The environmentally conscious high street retailer released details of a survey on Tuesday which found that more than a quarter of consumers who received a new phone will either bin their old one or simply do nothing with it. Just 4 percent are expected to recycle their earlier model.
As an estimated 3.75 million new mobiles sold over the Christmas period, The Body Shop believes it is important that the handsets they supplant go to a good home.
It operates a recycling scheme in partnership with Greener Solutions -- one of several mobile phone recycling schemes in operation in the UK -- where unwanted handsets can be left at any one of The Body Shop's stores. They will then be recycled, or shipped to the developing world if they can be reused.
Refuge, a charity that supports the victims of domestic violence, will receive £2.75 for every phone that is handed over.
"Three-quarters of a million unwanted phones equates to over £2m that could be used to throw a lifeline to the victims of domestic violence and their families," said Dame Anita Roddick, founder of The Body Shop, in a statement.
"Mobile phones contain many toxic substances which can be released into the air or our water supply when burned or disposed of in landfills, creating threats to human health and the environment," Roddick added.
Mobile phones contain a cocktail of potentially dangerous substances, including arsenic, cadmium, zinc and lead. If they're just thrown into a landfill, then these elements can leak out and damage the environment and the health of humans or wildlife.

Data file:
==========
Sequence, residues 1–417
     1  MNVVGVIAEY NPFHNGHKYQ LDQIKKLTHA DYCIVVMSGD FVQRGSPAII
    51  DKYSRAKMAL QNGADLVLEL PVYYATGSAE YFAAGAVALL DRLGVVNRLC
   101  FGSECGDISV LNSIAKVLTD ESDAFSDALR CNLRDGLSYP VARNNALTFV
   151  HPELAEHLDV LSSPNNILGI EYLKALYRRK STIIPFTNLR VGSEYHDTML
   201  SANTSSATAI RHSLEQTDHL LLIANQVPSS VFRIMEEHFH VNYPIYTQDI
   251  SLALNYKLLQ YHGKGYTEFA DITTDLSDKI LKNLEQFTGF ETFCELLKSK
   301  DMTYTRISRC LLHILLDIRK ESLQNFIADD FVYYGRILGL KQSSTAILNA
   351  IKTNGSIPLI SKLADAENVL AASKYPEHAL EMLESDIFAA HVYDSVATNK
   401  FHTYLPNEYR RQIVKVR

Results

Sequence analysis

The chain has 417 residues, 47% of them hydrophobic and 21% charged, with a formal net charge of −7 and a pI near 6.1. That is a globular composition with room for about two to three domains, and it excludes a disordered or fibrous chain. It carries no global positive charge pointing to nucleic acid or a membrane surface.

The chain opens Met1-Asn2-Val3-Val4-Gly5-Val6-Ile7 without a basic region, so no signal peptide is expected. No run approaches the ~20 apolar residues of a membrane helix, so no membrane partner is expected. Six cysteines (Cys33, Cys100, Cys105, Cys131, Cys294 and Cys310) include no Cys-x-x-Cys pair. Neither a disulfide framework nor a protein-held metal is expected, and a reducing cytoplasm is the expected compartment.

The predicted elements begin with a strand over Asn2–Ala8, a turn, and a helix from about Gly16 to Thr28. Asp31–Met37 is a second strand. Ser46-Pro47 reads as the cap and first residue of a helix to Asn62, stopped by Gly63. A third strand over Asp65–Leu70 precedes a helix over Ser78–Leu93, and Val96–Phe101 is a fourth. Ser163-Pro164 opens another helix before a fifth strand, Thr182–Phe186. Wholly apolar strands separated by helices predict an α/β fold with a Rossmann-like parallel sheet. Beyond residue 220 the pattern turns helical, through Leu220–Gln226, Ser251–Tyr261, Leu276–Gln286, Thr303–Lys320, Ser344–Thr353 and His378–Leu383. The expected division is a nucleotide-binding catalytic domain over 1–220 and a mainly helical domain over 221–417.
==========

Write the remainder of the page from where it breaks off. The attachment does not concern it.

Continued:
It is thought that there are as many as 100 million mobile phones lying unused in the UK at present.
Other mobile phone recycling schemes in operation include Fonebak, which is supported by all five of the UK's mobile phone operators as well as the Dixons Group of retail stores. Unwanted mobile phones can be posted to Fonebak for free, or dropped in at Currys, Dixons, The Link and PC World stores, or at the retail outlets of the mobile operators.
Companies that find they have a large number of unwanted mobile phones on their hands, perhaps after upgrading their collection of company handsets, could be able to recoup some of this investment. The Mobile Phone Recycling Company purchases and recycles redundant mobile phones from companies and organisations that have at least 30 handsets to dispose of. A similar service is also offered by Corporate Mobile Recyling, which is a partner with charity Oxfam.